Best and Worst Art Supplies for Young Artists

There are so many companies that want to capitalize on you being a loving parent who supports your kiddo’s art ambitions.

If you’ve never been an artist, it’s really hard.

How do you buy supplies that will actually push your kid far without spending a billion dollars on Pthalo Blue Mineral Guasch.

I’ve been a professional artist for over 10 years. I’ve illustrated kids books, done commission art for Disney, and have known I wanted to be in animation since I was a little kid.

I’ll share from my experience the things I hear other parents buy (wishing I could have stopped them), and the things that I know are the best:

What are the best art supplies for young artists? Young artists need the following physical supplies:

  • Decent Pencils
  • Sturdy un-glossed paper
  • An inexpensive light box
  • Mid-range watercolor
  • Soft-tip ink pens

What tools does a young digital artist need? A young digital artist needs the following tools:

  • A pressure-sensitive stylus
  • A compatible tablet
  • A drawing program like Procreate

Pencils

Buy this: Believe it or not, those yellow #2 school pencils are great (especially these ones from Arteza). In the art world we call those “HB” (a balance between hardness and blackness)

I’d also grab a softer pencil like a 6B.

If you buy a whole kit (you don’t need to) go for something mid-grade quality like Faber-Castell, Lyra, Prismacolor, Tombo, or Arteza.

Source: Traveling Banana

Don’t Buy this: Pencils that come as part of an “everything you need art kit” usually stink. Also don’t break the bank. If its more than two dollars per pencil, I say don’t waste the money.

Paper

Here’s the thing: when you’re learning to draw, you just need something that holds graphite that you can trash by the pound.

When I was in school they made us buy this stuff called newsprint. My teacher called it “glorified toilet paper.”

The kid-equivalent of that is cheap printer paper. I use a LOT of printer paper to draw. Why? Is it good? No. It’s just so available.

But, to make a quick argument for not-printer paper, here it is:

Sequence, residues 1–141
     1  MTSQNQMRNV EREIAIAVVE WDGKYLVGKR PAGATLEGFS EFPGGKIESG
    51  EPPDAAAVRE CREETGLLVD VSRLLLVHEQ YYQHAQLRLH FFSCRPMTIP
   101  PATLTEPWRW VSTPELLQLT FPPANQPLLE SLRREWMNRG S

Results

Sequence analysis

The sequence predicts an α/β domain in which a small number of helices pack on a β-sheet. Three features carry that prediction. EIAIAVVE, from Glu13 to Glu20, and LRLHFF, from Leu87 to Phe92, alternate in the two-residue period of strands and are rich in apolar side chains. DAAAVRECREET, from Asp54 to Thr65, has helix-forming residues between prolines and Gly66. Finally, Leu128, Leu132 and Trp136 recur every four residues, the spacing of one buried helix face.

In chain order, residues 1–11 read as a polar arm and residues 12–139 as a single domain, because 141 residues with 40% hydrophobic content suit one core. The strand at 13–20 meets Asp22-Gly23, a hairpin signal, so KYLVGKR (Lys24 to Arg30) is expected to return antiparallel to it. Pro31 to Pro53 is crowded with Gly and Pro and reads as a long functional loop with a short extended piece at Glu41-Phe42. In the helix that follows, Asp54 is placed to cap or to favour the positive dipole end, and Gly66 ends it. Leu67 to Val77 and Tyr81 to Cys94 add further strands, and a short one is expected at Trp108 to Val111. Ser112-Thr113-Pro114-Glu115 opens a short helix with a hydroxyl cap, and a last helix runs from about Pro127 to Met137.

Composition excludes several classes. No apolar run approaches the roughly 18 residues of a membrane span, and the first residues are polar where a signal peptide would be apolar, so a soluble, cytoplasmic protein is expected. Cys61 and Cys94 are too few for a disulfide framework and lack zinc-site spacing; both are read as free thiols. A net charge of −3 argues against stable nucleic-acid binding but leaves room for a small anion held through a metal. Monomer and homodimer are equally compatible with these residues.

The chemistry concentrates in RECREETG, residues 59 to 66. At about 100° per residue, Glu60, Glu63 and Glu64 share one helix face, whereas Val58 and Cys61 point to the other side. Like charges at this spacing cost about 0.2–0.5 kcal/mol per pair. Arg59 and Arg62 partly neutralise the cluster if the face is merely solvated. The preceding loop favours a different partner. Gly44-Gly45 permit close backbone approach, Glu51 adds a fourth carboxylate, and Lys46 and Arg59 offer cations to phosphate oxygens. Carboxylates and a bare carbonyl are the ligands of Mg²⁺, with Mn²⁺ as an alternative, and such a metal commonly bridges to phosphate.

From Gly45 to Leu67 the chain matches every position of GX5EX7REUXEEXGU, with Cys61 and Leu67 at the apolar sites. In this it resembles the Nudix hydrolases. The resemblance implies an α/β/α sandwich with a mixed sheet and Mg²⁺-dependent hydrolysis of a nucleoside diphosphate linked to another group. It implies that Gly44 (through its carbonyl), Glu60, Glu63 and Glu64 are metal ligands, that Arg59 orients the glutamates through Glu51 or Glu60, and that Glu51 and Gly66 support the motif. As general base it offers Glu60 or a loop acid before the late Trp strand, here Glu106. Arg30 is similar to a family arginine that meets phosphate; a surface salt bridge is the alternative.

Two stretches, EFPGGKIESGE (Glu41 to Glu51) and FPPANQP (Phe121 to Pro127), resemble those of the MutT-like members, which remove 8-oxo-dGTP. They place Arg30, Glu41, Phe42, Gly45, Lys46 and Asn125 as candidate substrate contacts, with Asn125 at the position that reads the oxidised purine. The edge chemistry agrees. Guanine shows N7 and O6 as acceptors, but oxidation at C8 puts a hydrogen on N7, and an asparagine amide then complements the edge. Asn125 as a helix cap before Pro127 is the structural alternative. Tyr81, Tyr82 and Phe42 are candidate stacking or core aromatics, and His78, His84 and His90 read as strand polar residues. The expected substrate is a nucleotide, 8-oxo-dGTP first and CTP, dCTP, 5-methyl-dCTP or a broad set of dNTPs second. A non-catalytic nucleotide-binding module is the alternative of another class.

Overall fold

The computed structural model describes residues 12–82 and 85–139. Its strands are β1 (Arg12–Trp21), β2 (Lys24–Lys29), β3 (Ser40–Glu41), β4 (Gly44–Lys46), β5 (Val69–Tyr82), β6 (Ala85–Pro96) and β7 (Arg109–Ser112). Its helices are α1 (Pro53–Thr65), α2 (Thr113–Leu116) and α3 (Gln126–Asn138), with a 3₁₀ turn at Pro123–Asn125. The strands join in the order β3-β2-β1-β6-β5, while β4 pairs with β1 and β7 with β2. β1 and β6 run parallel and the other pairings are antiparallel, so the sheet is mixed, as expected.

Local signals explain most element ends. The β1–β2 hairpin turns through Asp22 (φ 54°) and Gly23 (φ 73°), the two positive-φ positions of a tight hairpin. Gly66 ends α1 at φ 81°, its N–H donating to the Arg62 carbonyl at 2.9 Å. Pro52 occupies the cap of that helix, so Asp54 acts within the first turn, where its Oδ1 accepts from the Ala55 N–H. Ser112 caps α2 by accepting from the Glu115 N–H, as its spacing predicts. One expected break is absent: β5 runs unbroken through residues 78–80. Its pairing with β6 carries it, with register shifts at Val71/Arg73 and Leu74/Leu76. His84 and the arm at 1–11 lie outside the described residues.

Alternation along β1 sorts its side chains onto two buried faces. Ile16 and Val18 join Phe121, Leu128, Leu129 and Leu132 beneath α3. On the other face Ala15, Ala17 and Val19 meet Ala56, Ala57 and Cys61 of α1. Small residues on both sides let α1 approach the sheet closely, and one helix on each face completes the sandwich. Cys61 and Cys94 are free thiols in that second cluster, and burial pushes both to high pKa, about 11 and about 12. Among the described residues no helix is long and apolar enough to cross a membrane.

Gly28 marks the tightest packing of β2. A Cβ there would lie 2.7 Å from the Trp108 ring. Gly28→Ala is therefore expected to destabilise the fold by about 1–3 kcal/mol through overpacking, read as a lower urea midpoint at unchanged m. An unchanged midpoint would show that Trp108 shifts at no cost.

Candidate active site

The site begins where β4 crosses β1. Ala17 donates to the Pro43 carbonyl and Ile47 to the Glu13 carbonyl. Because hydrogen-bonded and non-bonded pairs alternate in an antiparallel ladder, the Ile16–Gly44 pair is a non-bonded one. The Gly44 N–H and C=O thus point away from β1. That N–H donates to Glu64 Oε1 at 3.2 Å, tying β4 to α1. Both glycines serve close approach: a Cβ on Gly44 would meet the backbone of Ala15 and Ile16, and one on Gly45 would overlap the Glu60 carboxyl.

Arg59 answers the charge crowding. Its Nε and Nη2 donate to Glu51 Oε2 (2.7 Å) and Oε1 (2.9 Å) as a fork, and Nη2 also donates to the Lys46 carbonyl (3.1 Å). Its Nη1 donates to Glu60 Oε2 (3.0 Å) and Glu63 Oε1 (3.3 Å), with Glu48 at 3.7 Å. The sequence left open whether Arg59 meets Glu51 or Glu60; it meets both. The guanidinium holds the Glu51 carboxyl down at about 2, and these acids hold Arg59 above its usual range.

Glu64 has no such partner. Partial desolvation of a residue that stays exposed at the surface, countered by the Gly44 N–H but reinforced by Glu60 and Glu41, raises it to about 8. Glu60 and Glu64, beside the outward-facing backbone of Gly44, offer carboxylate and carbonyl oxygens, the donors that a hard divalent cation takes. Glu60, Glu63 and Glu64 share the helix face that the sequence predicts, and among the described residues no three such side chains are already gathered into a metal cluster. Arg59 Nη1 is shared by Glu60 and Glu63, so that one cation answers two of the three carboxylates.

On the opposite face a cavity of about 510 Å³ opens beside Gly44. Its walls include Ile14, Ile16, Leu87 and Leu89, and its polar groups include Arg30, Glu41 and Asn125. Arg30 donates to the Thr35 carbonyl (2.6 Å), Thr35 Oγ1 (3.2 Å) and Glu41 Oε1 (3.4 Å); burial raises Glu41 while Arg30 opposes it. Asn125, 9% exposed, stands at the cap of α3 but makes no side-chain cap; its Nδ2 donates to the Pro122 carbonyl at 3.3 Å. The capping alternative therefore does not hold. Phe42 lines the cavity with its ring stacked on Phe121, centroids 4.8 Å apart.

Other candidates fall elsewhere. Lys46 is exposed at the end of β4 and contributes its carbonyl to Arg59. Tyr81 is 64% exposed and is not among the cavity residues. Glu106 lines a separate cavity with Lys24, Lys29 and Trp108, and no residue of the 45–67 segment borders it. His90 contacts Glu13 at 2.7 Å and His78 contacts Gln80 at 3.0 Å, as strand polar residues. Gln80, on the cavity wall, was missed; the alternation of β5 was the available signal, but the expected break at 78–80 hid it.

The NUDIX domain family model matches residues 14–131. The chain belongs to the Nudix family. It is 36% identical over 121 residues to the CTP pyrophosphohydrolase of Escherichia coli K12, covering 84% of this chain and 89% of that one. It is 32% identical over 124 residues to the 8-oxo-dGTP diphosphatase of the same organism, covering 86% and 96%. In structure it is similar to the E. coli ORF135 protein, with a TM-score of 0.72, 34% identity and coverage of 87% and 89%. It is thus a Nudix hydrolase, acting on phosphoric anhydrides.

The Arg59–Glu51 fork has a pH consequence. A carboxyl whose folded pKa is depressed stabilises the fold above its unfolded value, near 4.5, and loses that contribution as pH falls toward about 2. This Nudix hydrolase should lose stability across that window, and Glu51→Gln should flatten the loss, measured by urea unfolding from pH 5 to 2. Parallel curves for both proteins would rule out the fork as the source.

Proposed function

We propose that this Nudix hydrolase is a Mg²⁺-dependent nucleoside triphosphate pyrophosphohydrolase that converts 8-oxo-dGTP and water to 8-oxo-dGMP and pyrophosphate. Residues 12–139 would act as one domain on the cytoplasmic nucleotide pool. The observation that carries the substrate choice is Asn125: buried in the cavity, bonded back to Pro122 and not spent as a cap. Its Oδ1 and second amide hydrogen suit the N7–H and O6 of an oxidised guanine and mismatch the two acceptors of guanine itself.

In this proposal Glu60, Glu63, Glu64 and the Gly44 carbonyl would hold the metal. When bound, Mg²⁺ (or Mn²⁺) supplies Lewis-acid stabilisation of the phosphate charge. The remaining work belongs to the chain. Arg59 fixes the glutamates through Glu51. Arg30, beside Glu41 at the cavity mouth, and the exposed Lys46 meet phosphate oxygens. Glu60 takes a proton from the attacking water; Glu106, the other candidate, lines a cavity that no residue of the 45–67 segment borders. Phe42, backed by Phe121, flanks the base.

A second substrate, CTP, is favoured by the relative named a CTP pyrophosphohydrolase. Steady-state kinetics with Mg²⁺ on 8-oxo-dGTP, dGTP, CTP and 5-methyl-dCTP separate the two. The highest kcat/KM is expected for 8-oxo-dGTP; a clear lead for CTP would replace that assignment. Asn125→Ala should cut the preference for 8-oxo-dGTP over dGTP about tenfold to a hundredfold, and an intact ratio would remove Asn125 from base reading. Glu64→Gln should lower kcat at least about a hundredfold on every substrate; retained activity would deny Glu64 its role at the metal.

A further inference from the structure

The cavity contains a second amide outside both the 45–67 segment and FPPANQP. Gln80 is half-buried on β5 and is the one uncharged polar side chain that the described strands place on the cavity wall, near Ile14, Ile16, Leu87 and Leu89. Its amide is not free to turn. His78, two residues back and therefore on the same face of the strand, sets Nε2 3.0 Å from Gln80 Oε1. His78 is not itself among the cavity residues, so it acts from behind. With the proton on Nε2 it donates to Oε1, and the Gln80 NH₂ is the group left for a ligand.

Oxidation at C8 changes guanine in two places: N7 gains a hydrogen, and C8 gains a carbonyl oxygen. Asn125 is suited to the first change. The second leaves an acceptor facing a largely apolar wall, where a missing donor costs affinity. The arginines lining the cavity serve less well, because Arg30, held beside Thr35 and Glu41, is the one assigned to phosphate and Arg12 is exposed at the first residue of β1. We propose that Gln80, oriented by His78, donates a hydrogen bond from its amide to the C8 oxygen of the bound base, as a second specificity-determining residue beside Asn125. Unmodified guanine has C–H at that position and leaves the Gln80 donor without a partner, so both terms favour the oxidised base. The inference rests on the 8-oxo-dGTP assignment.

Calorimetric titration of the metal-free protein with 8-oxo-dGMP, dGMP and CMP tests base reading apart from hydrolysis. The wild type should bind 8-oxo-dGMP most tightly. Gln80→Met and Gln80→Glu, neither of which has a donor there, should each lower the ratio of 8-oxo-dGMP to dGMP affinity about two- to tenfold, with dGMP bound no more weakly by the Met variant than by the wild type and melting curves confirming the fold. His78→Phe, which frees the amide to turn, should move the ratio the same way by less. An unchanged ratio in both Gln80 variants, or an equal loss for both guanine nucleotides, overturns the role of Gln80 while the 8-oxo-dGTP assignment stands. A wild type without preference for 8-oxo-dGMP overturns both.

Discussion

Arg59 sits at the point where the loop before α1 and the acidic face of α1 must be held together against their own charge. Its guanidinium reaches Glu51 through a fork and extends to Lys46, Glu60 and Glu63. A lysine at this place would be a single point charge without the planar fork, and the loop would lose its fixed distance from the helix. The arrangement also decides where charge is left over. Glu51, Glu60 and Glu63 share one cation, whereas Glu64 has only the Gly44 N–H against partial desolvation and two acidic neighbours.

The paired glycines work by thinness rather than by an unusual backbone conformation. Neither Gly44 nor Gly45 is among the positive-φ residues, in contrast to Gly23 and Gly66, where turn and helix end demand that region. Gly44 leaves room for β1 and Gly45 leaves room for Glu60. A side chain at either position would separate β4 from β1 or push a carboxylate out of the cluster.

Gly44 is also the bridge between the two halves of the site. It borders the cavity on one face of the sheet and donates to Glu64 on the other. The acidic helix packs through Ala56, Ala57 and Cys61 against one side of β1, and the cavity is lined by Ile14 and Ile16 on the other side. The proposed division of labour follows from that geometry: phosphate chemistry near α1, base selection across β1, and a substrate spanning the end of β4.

Sturdy drawing paper holds up to various pencils well, holds the graphite better for shading, and just looks nicer. Plus it can handle paint better than printer paper can.

Buy this: several pads of newsprint for drawing, and a pad or two of mixed-media paper for paint or anything that needs to look nice.

Or, honestly, just buy cheap printer paper, the less glossy, the better. Inkjet, not-bright paper is best because its thin, corse, and meant to hold up to ink.

Don’t buy this: Don’t buy high-brightness laser printer paper. Don’t buy too much premium art paper or too little cheap newsprint. You want to promote the idea that sketches are not precious and there should be thousands.

Light Box or Light Pad

What is a light box? A light box or a light pad is a drawing tool used for tracing and animation. It lets you draw over previous drawings with full view of the drawings under it because the light is shining through the paper.

Why do you need it?

  • Tracing is part of learning to draw. Every good drawing course will include things to trace. Tracing is the equivalent of a ballet instructor positioning your body.
  • Tracing is a regular part of making professional art. I and my art colleagues all trace over our sketches to get clean finished art.
  • Tracing is fundamental to animation. You have to be able to see the last several “frames” you drew all at the same time, and you can’t do that without light behind your paper.